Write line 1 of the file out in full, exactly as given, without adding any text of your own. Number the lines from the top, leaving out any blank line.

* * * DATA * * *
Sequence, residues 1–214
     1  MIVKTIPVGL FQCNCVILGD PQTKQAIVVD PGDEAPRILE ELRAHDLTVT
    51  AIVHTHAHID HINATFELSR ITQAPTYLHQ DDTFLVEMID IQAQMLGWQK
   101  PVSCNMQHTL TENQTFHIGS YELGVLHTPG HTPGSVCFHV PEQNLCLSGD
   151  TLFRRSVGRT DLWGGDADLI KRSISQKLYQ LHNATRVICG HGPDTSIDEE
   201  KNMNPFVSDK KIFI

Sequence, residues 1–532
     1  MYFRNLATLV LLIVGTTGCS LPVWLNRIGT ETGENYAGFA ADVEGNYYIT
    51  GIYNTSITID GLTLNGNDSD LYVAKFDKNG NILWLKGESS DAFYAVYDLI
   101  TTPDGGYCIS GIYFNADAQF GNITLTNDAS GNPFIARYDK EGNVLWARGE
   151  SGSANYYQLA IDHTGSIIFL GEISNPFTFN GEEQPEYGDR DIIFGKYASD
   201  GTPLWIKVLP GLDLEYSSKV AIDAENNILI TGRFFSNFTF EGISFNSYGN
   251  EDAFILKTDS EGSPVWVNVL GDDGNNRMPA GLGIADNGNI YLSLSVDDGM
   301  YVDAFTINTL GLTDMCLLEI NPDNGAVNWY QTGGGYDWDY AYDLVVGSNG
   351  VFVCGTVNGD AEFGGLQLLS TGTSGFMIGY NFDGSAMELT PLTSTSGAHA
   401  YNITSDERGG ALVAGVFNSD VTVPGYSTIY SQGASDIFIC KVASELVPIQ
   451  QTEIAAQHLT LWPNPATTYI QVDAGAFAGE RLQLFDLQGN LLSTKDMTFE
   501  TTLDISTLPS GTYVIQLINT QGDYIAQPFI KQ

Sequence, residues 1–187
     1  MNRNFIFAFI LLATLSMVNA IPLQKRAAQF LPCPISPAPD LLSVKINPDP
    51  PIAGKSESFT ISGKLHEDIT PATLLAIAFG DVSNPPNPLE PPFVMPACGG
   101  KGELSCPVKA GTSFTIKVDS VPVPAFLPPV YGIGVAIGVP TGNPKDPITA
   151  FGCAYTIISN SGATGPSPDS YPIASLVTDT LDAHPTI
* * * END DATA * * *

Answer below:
Sequence, residues 1–214